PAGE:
find the latest legal job
Corporate Counsel and Company Secretary
Category: Generalists - In House | Location: Newcastle, Maitland & Hunter NSW
· Highly-respected, innovative and entrepreneurial Not-for-Profit · Competency based Board
View details
Chief Counsel and Company Secretary
Category: Generalists - In House | Location: Newcastle, Maitland & Hunter NSW
· Dynamic, high growth organisation · ASX listed market leader
View details
In-house Projects Lawyer | Renewables / Solar | 2-5 Years PQE
Category: Generalists - In House | Location: All Australia
· Help design the future · NASDAQ Listed
View details
Insurance Lawyer (1-3 PAE)
Category: Insurance and Superannuation Law | Location: Sydney NSW 2000
· Join a dynamic Firm · Excellent career growth opportunity
View details
In-house lawyer 1-4 PAE
Category: Generalists - In House | Location: Adelaide SA 5000
· Leading Brand · Report to a Dynamic Legal Counsel
View details
Global firm covers new territory with Darwin office

Global firm covers new territory with Darwin office

Fabio Fior, Squire Patton Boggs

With Asian investors increasingly looking to the Northern Territory, Darwin’s proximity to Asia makes it an ideal place to be, according to the only global firm with an on-the-ground footprint in the city.

Squire Patton Boggs officially opened a Darwin office in 2013, after working on a specific matter in the Northern Territory.

Speaking with Lawyers Weekly, Squire Patton Boggs partner Fabio Fior (pictured) said one of the the main drawcards for the firm was Darwin’s proximity to Asia.

“Squire Patton Boggs has a very large network of offices throughout Asia, so we’re able to make use of connections both nationally and internationally,” Mr Fior said.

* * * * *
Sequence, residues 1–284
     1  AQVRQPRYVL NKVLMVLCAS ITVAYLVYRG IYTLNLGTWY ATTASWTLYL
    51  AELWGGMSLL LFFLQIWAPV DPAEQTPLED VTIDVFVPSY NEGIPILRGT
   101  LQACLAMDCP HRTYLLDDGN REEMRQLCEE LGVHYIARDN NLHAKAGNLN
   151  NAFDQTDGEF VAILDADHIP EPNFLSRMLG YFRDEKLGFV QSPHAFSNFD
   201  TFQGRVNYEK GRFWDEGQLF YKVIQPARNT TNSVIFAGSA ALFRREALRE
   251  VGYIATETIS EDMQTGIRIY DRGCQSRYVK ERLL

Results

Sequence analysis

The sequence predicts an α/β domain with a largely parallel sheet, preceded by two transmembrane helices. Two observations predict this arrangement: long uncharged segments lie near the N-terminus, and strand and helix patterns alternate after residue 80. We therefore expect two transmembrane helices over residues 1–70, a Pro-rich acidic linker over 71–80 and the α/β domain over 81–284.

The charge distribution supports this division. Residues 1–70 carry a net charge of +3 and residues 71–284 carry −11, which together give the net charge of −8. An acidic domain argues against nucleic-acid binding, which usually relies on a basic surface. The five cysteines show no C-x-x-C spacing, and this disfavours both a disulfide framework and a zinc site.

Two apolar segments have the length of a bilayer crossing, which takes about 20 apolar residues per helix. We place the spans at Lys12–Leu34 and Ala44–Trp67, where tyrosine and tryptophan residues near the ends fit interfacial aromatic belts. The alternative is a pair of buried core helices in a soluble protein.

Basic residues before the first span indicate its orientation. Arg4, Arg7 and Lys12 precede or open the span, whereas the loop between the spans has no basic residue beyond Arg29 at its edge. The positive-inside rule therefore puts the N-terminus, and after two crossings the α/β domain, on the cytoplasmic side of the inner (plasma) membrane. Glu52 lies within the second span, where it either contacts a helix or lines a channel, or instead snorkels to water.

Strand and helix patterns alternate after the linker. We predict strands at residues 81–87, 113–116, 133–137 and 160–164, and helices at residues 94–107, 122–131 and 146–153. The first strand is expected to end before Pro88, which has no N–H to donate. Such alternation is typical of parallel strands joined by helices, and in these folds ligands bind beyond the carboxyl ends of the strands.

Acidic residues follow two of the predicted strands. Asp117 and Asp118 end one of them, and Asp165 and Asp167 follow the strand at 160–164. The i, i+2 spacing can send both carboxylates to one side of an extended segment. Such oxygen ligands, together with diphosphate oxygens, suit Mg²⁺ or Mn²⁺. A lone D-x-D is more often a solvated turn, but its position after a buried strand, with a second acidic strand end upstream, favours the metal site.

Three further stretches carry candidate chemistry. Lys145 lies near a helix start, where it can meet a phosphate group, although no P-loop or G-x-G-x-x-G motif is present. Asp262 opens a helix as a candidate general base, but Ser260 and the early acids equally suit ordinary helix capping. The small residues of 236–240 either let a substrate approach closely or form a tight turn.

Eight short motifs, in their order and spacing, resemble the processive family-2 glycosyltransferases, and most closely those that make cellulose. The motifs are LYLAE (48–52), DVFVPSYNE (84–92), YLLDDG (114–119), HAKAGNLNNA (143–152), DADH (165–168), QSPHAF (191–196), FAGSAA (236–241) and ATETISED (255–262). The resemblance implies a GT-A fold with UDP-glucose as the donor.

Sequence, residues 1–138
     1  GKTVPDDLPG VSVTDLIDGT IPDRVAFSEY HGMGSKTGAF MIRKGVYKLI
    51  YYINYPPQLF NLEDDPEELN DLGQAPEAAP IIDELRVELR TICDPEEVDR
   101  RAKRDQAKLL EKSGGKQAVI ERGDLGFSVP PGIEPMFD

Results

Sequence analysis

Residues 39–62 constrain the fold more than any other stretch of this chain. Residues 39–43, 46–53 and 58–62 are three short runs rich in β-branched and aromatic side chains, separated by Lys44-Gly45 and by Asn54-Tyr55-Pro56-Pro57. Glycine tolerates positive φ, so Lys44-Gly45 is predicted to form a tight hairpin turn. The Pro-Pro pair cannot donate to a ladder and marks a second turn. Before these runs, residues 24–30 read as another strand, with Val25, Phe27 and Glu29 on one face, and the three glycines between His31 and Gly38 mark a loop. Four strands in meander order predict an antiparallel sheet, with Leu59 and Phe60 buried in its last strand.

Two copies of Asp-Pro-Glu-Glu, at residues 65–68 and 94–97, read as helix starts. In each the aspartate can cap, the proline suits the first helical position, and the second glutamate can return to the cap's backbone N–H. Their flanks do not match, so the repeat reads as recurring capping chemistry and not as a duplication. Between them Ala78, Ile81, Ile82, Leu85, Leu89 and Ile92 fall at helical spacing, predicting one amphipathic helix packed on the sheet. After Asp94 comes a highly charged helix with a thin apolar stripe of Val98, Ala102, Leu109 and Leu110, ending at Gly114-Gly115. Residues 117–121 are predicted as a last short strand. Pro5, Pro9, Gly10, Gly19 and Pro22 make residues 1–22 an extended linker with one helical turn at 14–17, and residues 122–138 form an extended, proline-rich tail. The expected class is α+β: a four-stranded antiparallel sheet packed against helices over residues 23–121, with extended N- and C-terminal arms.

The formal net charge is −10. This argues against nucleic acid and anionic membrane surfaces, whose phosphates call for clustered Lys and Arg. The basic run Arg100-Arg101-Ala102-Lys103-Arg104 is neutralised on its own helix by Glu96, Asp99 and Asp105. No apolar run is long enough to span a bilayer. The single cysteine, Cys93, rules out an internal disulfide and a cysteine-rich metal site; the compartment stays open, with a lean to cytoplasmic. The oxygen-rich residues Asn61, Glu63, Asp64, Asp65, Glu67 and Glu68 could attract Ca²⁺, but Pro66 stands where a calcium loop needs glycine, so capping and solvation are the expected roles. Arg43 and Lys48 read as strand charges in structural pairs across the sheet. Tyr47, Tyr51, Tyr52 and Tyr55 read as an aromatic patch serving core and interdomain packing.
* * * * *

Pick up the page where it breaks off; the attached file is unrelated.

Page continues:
“There’s a lot of interest from Asian investors, particularly around cattle and other infrastructure in the Northern Territory. So it’s the right place to be, particularly when we’re trying to leverage our connections and relationships with offices to the north.”

While other global firms work in the Northern Territory, most operate on a fly-in, fly-out basis, which puts Squire Patton Boggs at an advantage, according to Mr Fior.

“There are a lot of smaller firms but I don’t know that they’re actively looking at the space we are. There are a couple of nationals that have offices up here as well, but we’re the only global firm that’s actually got a footprint in Darwin,” he said.

“You do need to be on the ground to do the work here, which is not something that everyone has the view of, [so] other firms will do fly-in, fly-out.”

While there are no other globals on the ground, Mr Fior said Squire Patton Boggs still experiences competition for work from the nationals and remote globals.

“There’s no shortage of competition, that’s for sure, but we think we’ve got a unique offering by actually being here and having locals working for us and having on-the-ground relationships.”

Mr Fior doesn’t predict that any other globals will establish Darwin offices in the near future.